July 23, 2009

The Two Hundred Dollar Hardwood Floor

This is our third home purchase and, as I've said, the third house that we've needed to renovate inside and out. We're either gluttons for punishment or we like this gig. I think the latter. Over the years we;ve become pretty good at renovating on a tight budget. With our first house we had about $50 to spare a month for renovation. And with that we painted every room, refinished the floors, resurfaced the cabinets, put in new countertops, laid new grass, build a fence, a pergola and a gravel and brick patio, and painted the exterior of the little house, all in about a year. It was a lot of work because we did everything ourselves and the results weren't perfect, but it was a big improvement and we loved it. I became a disciple of freecycle and craigslist, particularly the free section and we were able to get alot of what we needed for not much money.

In Portland we once again had a tight budget and a house sadly in need of some love. Portland is a mecca for that kind of thing. The garbage authority produces recycled paint in an array of colors for something like $5 a gallon, craigslist has dozens of free postings a day, maybe even hundreds. We dug plants out of gardens that were being relandscaped and transplanted them into our yard. We tore down and old fence to build our first chicken coop for absolutly nothing (we even got the nails for free). It became a game, how much work could we do on the house for next to nothing?

Up until last week, my best find was the countertop at the first house. The bowling ally was being demolished and I spotted an add for cut to length wooden lanes for $6 a linier foot. We picked out a section with the little arrows inlaid in walnut and hauled it home in the back of our trusty 1980's Landcruiser, Ramona. After some stripping, sanding and refinishing we manhandled it into the kitchen and onto the cabinets where it got comments from everyone who stopped by. I thought nothing would top that. cheap, cool, and just perfect. But then I was cruising the Habitat store last week when I spotted two pallets of hardwood flooring. Our new house has hardwoods in every room but the kitchen which was covered with an almost but not quite funky cool linolium from the 60's. Even if it had been the right color though we would have had to remove it due to the wall removal/kitchen butting into the dining room plan. I wished for hardwoods, but knew that wasn't in the budget. i had almsot resigned myself to linoliaum or maybe if I coudl find it at a good price, laminet,w hen I found the flooring at Habitat. One of the boards had $75 scrawled on a piece of masking tape but the other pallet had no tag. When I asked the price of the two together they told me people had been taking just a board or two and so they could give them both to me for $100. Sold.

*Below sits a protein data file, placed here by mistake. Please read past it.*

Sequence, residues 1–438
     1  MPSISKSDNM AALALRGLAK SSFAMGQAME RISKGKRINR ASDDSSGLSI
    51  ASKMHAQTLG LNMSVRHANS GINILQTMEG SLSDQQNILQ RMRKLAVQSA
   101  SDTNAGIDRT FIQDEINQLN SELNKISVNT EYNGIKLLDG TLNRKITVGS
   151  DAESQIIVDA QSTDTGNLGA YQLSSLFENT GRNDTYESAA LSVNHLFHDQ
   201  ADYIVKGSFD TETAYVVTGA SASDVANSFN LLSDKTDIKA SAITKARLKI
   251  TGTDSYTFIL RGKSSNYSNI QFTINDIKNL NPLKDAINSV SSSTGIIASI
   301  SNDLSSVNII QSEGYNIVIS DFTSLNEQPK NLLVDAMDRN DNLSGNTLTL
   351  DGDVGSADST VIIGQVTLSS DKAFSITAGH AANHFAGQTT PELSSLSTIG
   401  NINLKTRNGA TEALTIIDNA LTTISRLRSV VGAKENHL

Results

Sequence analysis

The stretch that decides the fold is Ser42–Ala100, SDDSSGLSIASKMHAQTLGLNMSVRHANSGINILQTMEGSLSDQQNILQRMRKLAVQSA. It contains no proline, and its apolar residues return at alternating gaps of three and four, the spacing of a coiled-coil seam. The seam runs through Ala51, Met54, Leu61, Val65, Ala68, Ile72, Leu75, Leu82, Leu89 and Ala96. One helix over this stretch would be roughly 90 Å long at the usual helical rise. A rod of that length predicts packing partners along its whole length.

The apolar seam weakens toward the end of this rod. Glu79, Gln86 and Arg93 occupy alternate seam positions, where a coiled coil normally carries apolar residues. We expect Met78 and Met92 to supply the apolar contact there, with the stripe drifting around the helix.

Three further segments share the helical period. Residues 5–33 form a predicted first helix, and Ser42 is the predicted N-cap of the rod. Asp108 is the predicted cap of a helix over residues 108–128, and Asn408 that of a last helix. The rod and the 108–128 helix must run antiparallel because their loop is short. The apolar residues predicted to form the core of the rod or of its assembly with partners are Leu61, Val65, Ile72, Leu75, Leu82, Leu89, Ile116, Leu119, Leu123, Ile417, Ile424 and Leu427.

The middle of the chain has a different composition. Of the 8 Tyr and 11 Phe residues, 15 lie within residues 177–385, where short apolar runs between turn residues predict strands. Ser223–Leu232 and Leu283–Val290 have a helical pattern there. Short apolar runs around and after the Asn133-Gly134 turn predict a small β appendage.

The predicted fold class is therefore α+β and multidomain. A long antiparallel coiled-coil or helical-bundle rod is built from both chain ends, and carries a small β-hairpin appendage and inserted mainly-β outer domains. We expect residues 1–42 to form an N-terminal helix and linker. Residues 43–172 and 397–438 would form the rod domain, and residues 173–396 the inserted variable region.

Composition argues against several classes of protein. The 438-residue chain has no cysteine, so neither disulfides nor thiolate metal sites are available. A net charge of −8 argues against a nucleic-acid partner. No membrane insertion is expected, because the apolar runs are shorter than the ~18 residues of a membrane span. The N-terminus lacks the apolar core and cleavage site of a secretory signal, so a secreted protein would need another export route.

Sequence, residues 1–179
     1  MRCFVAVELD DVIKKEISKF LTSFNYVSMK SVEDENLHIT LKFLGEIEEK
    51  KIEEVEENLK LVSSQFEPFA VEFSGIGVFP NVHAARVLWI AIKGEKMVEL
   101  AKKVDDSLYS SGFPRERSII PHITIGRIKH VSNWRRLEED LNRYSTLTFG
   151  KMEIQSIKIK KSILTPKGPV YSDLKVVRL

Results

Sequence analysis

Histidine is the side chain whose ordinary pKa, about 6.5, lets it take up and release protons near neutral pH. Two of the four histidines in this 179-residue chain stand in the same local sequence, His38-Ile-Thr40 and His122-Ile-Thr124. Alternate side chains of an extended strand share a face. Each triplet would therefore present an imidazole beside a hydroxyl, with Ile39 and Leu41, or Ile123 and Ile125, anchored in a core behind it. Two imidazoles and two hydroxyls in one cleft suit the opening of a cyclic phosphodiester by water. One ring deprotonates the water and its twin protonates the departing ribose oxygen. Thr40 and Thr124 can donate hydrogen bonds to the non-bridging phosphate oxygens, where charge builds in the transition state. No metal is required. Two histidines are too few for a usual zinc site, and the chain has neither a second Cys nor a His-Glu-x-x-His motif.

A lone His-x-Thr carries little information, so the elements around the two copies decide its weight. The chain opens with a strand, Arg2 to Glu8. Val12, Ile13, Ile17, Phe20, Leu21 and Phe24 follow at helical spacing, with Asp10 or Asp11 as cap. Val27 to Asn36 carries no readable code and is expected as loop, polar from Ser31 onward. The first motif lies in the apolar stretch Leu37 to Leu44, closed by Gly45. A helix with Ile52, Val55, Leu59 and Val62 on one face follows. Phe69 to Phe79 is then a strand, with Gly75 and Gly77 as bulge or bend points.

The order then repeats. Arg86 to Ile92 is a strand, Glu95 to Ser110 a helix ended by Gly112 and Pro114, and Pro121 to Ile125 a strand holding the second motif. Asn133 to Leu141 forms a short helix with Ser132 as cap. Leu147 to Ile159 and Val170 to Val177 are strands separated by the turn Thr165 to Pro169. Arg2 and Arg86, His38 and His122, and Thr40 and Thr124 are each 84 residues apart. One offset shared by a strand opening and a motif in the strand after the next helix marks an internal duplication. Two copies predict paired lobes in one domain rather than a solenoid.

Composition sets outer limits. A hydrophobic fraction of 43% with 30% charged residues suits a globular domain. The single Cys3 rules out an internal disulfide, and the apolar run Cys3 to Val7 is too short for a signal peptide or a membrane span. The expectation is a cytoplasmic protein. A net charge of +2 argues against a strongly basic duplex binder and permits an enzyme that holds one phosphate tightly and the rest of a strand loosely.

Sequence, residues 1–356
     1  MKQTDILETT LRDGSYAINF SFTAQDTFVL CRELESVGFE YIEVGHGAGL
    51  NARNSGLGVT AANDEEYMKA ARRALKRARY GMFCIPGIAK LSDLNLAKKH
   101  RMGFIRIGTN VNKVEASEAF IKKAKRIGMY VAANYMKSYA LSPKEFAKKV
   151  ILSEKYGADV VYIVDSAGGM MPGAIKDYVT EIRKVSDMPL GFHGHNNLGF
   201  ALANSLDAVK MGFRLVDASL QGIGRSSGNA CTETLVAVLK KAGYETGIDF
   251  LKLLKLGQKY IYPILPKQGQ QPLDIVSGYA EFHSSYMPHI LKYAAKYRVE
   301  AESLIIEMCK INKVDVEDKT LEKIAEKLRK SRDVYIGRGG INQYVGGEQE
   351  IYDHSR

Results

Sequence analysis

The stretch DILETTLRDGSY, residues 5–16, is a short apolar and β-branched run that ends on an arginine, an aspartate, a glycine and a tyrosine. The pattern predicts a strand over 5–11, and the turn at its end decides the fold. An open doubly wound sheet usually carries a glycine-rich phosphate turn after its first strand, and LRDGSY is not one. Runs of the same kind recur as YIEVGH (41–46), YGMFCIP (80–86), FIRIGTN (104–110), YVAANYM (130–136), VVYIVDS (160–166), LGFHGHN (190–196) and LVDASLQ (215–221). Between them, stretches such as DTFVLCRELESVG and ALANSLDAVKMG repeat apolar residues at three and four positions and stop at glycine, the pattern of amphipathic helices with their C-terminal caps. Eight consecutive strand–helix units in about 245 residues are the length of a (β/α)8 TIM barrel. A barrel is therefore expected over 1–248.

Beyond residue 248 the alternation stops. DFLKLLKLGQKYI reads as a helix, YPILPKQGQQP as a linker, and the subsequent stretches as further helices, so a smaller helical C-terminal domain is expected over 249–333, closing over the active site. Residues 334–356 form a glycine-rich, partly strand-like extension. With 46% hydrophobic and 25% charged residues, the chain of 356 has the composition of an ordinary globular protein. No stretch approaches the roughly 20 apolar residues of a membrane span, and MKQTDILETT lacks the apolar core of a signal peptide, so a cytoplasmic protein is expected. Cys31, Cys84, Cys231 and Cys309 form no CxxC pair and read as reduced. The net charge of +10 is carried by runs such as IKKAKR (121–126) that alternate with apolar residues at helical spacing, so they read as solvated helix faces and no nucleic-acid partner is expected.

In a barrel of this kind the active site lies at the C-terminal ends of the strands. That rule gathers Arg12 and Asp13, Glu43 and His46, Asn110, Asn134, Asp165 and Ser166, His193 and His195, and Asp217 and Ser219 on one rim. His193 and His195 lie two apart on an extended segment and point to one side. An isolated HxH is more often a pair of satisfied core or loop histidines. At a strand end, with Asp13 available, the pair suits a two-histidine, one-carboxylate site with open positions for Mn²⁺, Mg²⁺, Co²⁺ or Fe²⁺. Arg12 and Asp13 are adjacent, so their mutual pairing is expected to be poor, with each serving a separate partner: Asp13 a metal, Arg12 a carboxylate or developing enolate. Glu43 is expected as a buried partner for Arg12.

When I brought them home I foudn that they matched, almost perfectly, the flooring that was already in the house. And after two nights with a compressor powered floor nailer and some serious cleaning, we have a beautiful new hardwood floor, and I have a new "best cheap renovation find."

July 22, 2009

Roll Em On Up